It has been the ice runway for wheeled aircraft that has essentially turned to slush, meaning the C-17 and Airbus A319, among other aircraft, could not land at Pegasus in January and February during the last two years. That forced the New York Air National Guard (NYANG) , which operates the ski-equipped LC-130 , to shoulder the load of flying between Christchurch and McMurdo, while also continuing its flights within the continent.
This season, Pegasus will serve as the primary airfield until late November before flight operations move to Williams Field. A third, temporary airfield usually built on the sea ice just outside of McMurdo Station will not be constructed this year.
All of those flights will brings hundreds of people to the seventh continent to support the world’s largest polar research program.
Scientists come to Antarctica to study everything from the wildlife – think penguins and seals – to climate change to the evolution of the universe using powerful telescopes at the NSF’s Amundsen-Scott South Pole Station .
Photo Credit: Jeffrey Donenfeld/Antarctic Photo Library
The communications center at South Pole Station.
The South Pole Station, located geographically 90 degrees south latitude, endures a much longer winter isolation than McMurdo, with six months of total darkness between March and September. The 41 winter-overs waved goodbye to the last flight of the 2013-14 summer on Feb. 14. The NYANG is scheduled to head south once again on Oct. 27.
Several large research projects are on tap this upcoming season, in addition to dozens of new and ongoing studies.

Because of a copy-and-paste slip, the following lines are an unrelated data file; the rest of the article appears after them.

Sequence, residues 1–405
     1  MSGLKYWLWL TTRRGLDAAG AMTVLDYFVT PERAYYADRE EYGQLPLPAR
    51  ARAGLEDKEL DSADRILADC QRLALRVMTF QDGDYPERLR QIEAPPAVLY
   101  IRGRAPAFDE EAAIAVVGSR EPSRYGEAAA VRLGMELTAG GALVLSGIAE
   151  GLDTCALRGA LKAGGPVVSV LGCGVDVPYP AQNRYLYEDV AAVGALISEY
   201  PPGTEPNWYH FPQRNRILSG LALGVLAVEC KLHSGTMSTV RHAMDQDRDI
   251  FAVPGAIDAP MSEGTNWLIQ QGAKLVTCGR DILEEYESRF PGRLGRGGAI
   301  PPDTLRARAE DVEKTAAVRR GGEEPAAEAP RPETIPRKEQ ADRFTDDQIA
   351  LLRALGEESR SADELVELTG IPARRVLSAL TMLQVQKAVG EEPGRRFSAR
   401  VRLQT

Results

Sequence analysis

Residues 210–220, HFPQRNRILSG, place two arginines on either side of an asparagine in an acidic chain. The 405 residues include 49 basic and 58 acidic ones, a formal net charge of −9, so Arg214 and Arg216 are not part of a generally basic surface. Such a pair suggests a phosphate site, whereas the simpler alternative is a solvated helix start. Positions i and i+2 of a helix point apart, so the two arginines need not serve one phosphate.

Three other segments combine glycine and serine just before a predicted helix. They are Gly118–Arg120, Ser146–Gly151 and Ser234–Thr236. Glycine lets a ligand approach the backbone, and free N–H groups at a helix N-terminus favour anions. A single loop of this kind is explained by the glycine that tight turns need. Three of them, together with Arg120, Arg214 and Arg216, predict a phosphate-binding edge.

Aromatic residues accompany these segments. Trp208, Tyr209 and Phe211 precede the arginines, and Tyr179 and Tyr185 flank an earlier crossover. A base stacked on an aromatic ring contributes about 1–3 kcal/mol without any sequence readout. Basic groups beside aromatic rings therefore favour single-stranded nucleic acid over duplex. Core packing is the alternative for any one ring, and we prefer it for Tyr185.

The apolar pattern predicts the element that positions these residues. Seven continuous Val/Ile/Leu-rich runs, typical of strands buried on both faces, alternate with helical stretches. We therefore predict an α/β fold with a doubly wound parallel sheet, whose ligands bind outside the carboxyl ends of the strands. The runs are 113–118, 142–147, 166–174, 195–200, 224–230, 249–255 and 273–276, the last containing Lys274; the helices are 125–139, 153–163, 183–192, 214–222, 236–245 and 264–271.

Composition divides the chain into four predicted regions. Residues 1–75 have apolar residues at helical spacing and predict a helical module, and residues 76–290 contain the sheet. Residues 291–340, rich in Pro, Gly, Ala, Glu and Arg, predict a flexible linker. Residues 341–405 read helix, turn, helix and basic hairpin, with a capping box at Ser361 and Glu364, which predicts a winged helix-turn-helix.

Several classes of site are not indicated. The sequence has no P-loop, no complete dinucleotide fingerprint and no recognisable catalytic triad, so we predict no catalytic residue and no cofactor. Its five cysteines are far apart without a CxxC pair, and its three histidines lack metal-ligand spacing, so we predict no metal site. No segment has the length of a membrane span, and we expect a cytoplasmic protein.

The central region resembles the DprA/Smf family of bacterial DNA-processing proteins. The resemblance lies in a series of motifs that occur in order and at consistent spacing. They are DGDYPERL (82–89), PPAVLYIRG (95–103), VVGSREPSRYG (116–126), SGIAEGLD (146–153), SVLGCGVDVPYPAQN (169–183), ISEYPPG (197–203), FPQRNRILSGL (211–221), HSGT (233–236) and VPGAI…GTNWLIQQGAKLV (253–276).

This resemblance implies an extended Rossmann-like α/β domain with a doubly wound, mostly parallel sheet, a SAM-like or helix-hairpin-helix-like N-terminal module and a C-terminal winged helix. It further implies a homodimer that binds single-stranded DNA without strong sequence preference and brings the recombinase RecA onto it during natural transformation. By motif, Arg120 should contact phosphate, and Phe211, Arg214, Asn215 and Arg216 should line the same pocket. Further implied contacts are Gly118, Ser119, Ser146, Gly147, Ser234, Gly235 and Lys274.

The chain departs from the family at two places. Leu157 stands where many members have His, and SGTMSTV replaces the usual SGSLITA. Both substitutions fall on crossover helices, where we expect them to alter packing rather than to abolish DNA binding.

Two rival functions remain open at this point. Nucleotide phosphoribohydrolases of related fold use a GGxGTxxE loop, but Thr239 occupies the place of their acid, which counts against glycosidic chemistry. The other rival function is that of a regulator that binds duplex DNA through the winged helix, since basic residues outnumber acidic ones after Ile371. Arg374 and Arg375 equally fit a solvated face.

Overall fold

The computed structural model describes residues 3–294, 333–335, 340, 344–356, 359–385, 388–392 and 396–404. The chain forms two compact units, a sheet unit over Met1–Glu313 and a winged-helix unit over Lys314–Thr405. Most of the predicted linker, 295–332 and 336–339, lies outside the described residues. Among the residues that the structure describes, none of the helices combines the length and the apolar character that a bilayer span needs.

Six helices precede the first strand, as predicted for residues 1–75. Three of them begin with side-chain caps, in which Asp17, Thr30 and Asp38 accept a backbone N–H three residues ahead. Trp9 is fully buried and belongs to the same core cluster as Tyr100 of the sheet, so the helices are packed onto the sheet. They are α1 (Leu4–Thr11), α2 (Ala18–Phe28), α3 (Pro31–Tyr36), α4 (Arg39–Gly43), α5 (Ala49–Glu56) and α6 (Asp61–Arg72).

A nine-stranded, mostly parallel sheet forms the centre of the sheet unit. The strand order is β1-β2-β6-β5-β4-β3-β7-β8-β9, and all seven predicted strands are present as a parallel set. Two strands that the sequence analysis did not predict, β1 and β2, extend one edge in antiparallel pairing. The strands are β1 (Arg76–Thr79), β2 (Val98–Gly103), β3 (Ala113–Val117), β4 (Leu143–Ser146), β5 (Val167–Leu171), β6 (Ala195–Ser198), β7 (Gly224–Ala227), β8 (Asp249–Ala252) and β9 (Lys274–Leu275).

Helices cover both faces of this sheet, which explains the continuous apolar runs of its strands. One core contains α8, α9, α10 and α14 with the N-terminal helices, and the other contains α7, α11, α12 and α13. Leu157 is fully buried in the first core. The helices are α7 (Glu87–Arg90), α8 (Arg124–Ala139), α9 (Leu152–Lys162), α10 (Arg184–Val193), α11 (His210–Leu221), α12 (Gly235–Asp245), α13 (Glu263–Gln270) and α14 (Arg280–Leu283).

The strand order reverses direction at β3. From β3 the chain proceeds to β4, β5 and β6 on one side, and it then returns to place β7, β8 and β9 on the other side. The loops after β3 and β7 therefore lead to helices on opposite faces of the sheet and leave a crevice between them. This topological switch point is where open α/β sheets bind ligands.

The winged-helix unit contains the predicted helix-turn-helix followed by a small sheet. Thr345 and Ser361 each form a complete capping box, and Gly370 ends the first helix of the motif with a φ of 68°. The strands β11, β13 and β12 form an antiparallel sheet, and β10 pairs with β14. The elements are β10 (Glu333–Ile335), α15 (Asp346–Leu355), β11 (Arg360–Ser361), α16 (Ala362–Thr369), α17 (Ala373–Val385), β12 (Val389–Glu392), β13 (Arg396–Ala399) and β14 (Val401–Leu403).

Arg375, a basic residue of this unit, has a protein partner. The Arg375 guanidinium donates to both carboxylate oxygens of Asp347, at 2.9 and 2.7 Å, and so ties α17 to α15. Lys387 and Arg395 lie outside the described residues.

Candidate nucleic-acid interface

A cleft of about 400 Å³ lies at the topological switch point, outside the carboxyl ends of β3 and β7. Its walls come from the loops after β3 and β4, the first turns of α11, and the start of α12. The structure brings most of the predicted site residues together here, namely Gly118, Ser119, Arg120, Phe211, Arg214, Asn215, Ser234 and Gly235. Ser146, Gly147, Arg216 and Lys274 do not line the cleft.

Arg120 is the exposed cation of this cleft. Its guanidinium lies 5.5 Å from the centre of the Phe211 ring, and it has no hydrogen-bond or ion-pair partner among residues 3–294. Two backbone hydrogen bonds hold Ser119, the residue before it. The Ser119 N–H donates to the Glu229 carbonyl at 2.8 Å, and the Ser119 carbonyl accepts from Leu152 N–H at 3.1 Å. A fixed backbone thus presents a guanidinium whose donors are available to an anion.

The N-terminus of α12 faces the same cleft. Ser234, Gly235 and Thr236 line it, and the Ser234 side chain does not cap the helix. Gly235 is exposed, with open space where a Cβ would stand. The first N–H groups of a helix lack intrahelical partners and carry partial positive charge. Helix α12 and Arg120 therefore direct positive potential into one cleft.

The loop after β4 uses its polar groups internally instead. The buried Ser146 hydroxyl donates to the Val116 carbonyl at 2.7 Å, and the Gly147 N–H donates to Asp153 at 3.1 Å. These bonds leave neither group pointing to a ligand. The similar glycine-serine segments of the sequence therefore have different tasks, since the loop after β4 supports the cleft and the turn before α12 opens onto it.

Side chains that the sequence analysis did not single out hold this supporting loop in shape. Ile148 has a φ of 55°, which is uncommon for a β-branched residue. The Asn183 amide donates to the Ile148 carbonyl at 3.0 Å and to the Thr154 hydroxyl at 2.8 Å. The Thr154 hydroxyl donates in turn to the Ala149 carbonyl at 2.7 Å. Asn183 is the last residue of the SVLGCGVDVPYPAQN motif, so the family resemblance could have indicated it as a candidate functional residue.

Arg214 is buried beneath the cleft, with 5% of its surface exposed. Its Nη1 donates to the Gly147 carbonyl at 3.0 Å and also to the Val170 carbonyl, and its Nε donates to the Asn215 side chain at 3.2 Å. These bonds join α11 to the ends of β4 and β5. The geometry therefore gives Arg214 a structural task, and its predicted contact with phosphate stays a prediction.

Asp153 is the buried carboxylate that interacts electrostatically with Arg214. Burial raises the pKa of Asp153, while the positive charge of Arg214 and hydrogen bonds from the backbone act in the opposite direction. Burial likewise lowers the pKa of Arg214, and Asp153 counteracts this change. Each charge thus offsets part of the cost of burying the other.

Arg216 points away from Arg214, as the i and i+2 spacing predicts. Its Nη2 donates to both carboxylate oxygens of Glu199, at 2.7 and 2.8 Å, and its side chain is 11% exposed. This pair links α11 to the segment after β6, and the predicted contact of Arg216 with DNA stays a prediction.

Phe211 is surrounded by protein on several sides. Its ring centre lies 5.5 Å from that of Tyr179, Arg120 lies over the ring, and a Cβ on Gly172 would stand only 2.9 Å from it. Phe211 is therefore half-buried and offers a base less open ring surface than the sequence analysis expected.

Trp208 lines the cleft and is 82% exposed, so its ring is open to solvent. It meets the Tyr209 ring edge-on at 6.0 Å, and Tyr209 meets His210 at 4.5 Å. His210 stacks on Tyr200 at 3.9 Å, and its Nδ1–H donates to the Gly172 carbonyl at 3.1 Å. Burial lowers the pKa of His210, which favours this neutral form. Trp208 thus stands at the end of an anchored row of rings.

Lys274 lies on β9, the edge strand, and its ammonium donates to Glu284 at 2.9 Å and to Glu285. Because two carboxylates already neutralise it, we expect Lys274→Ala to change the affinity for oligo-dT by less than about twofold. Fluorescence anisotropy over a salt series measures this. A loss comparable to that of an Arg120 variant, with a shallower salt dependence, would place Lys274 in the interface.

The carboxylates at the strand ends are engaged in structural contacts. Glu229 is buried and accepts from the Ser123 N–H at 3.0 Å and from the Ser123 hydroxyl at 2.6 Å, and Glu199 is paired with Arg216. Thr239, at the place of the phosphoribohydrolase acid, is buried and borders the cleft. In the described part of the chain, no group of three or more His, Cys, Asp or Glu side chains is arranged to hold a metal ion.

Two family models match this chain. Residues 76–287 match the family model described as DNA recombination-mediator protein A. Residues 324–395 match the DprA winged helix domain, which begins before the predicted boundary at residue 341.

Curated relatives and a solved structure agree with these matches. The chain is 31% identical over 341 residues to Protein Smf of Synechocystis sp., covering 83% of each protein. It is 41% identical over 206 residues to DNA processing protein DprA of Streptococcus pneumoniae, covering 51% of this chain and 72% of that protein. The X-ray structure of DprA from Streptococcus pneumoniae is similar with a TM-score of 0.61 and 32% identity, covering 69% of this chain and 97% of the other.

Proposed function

A large team with the Whillans Ice Stream Subglacial Access Research Drilling (WISSARD) program will return to the Ice this season to continue its investigation into the water world that exists underneath the ice. In 2012-13, scientists successfully bored into a lake under the West Antarctic Ice Sheet where they found evidence of microbial life. [See previous article — Life under the ice: WISSARD team discovers evidence that bacteria live in Lake Whillans.]
At the South Pole Station, a new ice-core drilling project will begin. Scientists plan to extract about 1,500 meters of ice over the next two years. Antarctic ice traps bubbles of ancient gases, dust and other atmospheric constituents that researchers can use to reconstruct past climatic conditions. Such studies can also shed light on how the climate may change in the future. [See previous article — SPICE-ing it up: New project plans to retrieve South Pole ice core beginning in 2014-15.]
Photo Credit: Reed Scherer/Antarctic Photo Library
Scientists handle a sediment core from subglacial Lake Whillans.
Also at the South Pole Station, the team that made big news in March using the BICEP (Background Imaging of Cosmic Extragalactic Polarization) telescope will return to install a third-generation instrument. BICEP astrophysicists announced that they had found evidence in support of the theory called Inflation , a rapid expansion of the universe believed to have occurred fractions of a second after the Big Bang . [See previous article — Clear signal: Telescope at South Pole detects 'smoking gun' signature of cosmic inflation.]
However, the claim has since been called into question, with other scientists arguing that the signal detected by BICEP may have been caused by cosmic dust.
Other research this season includes studies on how Weddell seals navigate under ice, a search for life under an ice shelf and an investigation into what causes one particular glacier to “bleed.”
Follow these and other stories on The Antarctic Sun website.